Between cancer and transplant number two was a staph infection on Trenton’s heart, and Allie showed she was thoroughly trained on disruptions to life’s “regular” schedules. She learned our “routine” of preparing provisions of clothing, makeup, snacks and technology for Valerie to stay the night at the hospital. If she felt discomfort in the sterile setting of ICU, with her brother hooked to multiple monitors and drips, she didn’t show it, instead choosing humor (the family M.O.) and tweeting selfies.
During heart transplant number two, Allie was completing the final few weeks of her sophomore year in high school, and thus, had become more independent. She had friends to ride to school and cheer. She was totally responsible for her homework, so Val and I never had that on our worry list. She rarely ate dinner alone, however, as my goal was to make sure Val and Trent were fed and ready to settle in for a long night of short naps in his hospital room before I drove home to eat with Allie. And Allie sat with me in the den, watching television after dinner. We didn’t talk a lot, but we didn’t need to. I knew Allie liked being in her bedroom, but hung around for me anyway; and hopefully, my being there helped her too.
Rarely did Allie and I get consumed with hospital details at night. Valerie and I hid nothing from the kids, but those times at night, when it was just Sweetie and me, or in the morning before school, were for everything, and hospital updates were just one of multiple topics. Allison caught me off guard one of those days when, soon after walking in the house one evening, I asked, “Good day?” Allie replied simply, “If Trenton’s still alive.”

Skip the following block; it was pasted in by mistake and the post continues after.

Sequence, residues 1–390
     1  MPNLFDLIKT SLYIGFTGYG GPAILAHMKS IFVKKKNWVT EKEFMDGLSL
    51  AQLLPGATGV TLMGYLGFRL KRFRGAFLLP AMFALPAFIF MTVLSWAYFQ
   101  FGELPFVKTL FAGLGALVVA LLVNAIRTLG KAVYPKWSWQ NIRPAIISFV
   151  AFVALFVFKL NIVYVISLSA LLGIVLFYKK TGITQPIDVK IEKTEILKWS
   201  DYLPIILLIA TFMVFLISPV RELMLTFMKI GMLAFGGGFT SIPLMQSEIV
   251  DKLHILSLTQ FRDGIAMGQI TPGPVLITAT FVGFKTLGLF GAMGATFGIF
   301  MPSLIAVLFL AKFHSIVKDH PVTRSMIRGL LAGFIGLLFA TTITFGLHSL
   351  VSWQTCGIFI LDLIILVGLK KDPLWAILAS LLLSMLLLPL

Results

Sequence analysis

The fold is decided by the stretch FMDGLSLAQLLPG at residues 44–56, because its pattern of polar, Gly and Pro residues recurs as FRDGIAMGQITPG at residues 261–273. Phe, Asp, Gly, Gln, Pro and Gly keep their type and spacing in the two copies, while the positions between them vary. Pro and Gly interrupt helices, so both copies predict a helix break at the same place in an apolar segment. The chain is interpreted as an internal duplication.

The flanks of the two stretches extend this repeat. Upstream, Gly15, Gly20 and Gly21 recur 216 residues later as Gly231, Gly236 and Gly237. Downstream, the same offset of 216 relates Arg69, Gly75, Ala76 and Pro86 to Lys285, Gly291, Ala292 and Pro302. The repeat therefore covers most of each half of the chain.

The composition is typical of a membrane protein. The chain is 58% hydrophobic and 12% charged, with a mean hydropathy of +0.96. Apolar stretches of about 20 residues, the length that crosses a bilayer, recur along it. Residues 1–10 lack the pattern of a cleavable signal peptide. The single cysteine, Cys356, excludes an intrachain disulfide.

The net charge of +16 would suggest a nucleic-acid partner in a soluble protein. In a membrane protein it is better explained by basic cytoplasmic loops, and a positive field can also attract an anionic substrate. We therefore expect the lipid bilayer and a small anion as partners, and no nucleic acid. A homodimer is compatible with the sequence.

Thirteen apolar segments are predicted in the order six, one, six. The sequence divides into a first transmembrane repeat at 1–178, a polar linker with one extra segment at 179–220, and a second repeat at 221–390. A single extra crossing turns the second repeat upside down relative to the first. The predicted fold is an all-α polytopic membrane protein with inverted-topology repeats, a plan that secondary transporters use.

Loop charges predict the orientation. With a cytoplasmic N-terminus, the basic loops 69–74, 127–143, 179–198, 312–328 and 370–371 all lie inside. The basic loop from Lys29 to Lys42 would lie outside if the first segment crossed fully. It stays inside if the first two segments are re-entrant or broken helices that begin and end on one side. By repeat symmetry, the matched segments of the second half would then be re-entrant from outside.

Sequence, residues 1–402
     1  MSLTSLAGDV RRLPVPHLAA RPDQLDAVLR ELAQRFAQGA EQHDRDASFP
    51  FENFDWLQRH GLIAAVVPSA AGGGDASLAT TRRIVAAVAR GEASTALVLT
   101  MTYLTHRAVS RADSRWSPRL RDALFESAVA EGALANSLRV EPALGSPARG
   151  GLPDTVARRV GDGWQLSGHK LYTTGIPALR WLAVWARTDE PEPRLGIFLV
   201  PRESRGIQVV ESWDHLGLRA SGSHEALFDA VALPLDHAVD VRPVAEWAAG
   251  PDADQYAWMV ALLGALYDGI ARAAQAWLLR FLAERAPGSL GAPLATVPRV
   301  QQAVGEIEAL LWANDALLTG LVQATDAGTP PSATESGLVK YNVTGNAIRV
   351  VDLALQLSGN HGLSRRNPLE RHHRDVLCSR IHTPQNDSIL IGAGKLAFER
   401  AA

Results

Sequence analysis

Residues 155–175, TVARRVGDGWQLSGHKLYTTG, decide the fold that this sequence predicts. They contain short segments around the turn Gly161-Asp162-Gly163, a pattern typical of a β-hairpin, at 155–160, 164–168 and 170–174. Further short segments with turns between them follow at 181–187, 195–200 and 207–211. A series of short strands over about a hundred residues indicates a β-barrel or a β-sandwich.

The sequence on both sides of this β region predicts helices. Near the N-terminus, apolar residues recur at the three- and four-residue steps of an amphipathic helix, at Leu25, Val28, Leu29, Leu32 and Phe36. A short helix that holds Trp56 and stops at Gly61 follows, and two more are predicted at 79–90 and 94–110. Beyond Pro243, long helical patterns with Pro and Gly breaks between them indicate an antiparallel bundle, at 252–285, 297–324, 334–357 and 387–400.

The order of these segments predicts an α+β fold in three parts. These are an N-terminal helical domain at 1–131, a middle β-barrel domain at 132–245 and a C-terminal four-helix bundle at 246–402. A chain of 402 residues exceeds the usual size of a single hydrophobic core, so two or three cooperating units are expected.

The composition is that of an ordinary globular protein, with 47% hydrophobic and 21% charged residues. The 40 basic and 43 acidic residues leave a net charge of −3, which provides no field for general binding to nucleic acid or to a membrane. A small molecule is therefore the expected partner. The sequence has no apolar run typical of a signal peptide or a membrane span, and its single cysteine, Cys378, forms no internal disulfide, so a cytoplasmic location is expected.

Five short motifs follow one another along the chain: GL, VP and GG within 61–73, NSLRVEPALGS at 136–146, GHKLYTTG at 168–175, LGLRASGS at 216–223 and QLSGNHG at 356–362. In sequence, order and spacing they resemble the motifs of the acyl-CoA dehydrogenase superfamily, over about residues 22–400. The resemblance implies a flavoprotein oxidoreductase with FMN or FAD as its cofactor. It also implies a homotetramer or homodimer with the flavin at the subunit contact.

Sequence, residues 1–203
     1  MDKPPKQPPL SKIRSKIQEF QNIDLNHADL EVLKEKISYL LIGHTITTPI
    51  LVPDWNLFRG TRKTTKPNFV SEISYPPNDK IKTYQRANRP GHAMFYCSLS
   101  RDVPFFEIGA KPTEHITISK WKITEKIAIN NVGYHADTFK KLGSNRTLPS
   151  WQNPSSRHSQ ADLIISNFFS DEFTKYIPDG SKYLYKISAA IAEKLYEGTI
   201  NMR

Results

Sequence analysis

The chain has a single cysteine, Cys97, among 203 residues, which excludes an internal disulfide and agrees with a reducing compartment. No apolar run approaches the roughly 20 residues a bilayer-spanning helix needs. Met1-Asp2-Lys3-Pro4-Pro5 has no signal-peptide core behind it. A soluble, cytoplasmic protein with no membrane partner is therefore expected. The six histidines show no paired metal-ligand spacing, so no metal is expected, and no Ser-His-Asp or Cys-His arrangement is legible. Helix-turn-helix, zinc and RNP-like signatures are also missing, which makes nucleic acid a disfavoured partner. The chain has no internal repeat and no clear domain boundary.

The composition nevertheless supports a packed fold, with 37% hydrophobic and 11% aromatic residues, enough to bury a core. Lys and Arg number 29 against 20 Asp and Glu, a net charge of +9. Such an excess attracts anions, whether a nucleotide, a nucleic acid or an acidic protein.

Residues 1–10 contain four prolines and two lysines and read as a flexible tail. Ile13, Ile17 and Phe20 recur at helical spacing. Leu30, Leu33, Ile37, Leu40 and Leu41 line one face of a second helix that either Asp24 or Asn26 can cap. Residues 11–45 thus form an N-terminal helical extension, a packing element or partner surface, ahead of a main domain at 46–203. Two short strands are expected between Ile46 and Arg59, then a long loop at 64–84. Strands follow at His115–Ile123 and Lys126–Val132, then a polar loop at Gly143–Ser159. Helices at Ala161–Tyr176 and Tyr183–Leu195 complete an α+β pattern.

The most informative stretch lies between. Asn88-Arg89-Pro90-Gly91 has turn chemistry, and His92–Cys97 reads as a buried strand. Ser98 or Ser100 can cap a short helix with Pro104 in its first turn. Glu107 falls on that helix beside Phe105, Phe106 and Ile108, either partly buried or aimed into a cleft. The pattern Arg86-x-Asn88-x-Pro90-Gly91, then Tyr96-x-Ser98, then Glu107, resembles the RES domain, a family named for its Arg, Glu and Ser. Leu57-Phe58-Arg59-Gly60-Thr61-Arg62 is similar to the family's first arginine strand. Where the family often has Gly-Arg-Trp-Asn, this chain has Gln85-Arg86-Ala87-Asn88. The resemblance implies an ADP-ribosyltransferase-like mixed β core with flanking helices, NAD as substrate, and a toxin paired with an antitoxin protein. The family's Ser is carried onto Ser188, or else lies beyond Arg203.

Trenton’s first transplant was in 1995, and we were pregnant with Allie only two years later, so it was no surprise to receive the occasional question, “How could you take a chance having another child after what you went through with Trenton?” Our answer was, “How could we not, seeing the ways God was with us during the transplant experience?” And so, I got my little girl, and I now have one of the most important women in my life, because we trusted God…and because we were still thankful.
P.S. OK, God, You trusted me with your little girl; I’ll trust You with my young lady.